Last updated on August 20, 2020 by Dan Nanni
If you would like to backup your hard disk, there is a simple way to do it by using
dd command. The
dd command-line utility is used to copy files or disk images from one location to another. Using
dd, you can back up an unmounted disk as a (compressed) disk image which is then stored in a separate local or remote disk. Here is how to backup and restore a hard drive using
In order to use
dd to back up a disk partition, you should
unmount the disk partition first. A mounted hard disk may have various filesystem activities, and running
dd on such a live system may capture partial writes, which can lead to corrupted disk image. However, if the disk that you want to back up is the root partition, you can boot from a Linux Live CD, and then unmount the root partition.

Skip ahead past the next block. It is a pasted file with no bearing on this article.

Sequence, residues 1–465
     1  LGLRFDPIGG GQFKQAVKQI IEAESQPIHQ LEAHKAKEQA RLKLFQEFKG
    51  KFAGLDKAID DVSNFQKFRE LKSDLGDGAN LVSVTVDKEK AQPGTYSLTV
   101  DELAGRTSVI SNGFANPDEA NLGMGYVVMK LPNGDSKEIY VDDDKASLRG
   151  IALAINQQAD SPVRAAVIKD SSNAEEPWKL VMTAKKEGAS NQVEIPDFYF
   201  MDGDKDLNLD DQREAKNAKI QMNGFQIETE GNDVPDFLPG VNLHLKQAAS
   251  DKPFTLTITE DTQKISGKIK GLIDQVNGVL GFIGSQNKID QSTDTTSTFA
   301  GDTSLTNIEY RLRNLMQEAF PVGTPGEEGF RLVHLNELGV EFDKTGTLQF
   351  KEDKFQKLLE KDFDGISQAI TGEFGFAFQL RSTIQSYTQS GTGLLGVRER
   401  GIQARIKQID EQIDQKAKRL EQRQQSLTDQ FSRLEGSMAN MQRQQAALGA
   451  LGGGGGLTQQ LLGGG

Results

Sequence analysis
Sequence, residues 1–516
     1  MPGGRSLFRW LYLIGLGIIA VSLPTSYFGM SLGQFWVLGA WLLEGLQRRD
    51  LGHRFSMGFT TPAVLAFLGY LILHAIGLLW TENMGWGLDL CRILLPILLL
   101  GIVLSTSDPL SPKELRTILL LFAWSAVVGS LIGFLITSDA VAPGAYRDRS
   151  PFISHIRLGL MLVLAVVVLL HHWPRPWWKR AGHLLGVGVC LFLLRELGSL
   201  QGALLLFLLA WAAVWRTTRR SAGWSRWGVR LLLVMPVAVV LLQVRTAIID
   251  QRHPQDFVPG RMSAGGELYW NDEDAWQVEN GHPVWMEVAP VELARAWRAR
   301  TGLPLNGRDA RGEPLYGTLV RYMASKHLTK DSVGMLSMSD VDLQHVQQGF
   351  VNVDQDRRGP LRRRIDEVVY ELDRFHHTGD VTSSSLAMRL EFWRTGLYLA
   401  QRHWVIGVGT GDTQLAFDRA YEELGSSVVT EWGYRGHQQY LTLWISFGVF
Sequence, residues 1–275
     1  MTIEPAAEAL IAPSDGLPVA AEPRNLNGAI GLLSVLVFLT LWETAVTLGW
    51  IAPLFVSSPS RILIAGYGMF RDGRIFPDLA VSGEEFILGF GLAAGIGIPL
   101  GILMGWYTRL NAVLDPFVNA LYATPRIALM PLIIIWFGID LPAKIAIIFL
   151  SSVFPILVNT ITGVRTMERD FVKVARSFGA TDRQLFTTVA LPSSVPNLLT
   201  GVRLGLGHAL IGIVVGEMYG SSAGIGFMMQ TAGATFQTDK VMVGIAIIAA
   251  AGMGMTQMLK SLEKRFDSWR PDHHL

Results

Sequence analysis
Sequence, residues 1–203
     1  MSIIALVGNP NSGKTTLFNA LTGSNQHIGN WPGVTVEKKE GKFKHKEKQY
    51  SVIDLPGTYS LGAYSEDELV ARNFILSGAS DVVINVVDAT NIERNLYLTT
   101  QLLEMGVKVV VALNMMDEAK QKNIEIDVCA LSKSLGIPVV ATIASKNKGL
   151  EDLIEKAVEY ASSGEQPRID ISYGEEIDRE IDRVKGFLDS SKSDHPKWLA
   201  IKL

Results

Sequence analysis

Assuming that a disk partition (
/dev/sda) is unmounted, you can use the following command to back it up.
$ sudo dd if=/dev/sda | gzip -c > /mnt/disk1/sda.img.gz
The above command makes a clone of
/dev/sda, compress the cloned disk with
gzip, and stores the compressed image in
To restore the saved disk image, you can use the following command, which does the reverse of above backup:
$ gunzip -c /mnt/disk1/sda.img.gz | sudo dd of=/dev/sda
If you would like to back up a local hard drive and move it to a remote host directly, you can do the following.
$ sudo dd if=/dev/sda | gzip -c | ssh user@remote_host "cat > /mnt/disk1/sda.img.gz"
The above commands does disk cloning, compresses it, and then securely transfers the gzipped image to a remote host via SSH. For it to work, you need to enable password-less key authentication for
To restore the disk image from the remote location, do the reverse as follows.
$ ssh user@remote_host "cat /mnt/disk1/sda.img.gz" | gunzip -c | sudo dd of=/dev/sda
For more advanced disk image backup/recovery options, check out Clonezilla.
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